T-Mobile US and Sprint are weighing up the sale of one of the pair’s prepaid brands in an attempt to woo decision makers into greenlighting the divisive merger.Dating back to April 2018, you will be forgiven for forgetting this saga is still an-going debate in the US.With privacy scandals, the Huawei drama and BT’s dreadful logo stealing all the column inches, the debate over whether T-Mobile US and Sprint should be allowed to merge their operations has been relegated below the fold.But it is still a thing.The countdown clock, the 180 days the FCC gives itself to approve mergers, spent a lot of time on pause, though the longer the process takes the more likely it appears the answer will be no.These concessions include the sale of one prepaid brand, a pledge to finish the rollout of a 5G network in three years and promises not to raise prices during this deployment.
Following a substantive restructure across EMEA, NetApp has hired Chris Greenwood - its now former director of north east Europe, Russia and Turkey - to head up operations in the UK and Ireland.As revealed by us last month, NetApp is cutting costs by shuttering regional offices in a bunch of countries, including some that were managed by Greenwood.It is relying on distributors and resellers to provide local support for customers rather than having a direct presence.However, sources told us the company was keen to retain Greenwood's services and asked him to succeed UK chief Nick Thurlow, who rejoined NetApp in early 2017 and left three weeks ago.Greenwood will report to Alexander Wallner, NetApp senior rep and GM for EMEA, who sent us a statement about the changes that contained very little that was worthy of quoting.Sources close to NetApp said Greenwood is to plough efforts into key sales areas of cloud and hyperconverged infrastructure as UK ops had been viewed by senior management as "not executing".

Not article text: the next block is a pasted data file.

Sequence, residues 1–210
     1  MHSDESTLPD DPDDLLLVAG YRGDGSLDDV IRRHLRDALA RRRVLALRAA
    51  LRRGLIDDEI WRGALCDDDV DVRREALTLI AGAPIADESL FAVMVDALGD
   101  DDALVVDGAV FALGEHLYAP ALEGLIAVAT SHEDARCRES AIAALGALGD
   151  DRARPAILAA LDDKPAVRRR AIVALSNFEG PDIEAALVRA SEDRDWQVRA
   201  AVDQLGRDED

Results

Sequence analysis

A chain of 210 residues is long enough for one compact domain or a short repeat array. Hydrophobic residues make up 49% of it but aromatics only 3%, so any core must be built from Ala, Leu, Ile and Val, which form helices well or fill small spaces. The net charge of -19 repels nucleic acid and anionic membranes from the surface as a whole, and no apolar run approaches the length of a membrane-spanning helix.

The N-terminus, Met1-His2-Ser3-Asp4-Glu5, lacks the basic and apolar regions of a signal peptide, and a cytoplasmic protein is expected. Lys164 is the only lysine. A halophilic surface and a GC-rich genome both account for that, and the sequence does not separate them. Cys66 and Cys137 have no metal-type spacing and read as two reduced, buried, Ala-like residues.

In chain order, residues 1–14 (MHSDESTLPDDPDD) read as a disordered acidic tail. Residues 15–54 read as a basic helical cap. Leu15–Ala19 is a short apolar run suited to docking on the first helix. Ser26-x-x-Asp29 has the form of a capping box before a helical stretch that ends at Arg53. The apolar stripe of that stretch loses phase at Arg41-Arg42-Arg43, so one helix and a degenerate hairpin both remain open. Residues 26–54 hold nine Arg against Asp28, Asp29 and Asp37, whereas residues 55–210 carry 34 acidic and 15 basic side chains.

When faced with hard questions about how Facebook will remove terrorist content from its platforms, CEO Mark Zuckerberg offers a simple answer: artificial intelligence will do it.But according to Facebook’s chief AI scientist, Yann LeCun, AI is years away from being able to fully shoulder the burden of moderation, particularly when it comes to screening live video.Speaking at an event at Facebook’s AI Research Lab in Paris last week, LeCun said Facebook was years away from using AI to moderate live video at scale, reports Bloomberg News.“This problem is very far from being solved,” said LeCun, who was recently awarded the Turing Prize, known as the Nobel Prize of computing, along with other AI luminaries.Screening live video is a particularly pressing issue at a time where terrorists commit atrocities with the aim of going viral.Facebook’s inability to meet this challenge became distressingly clear in the aftermath of the Christchurch shooting in New Zealand this year.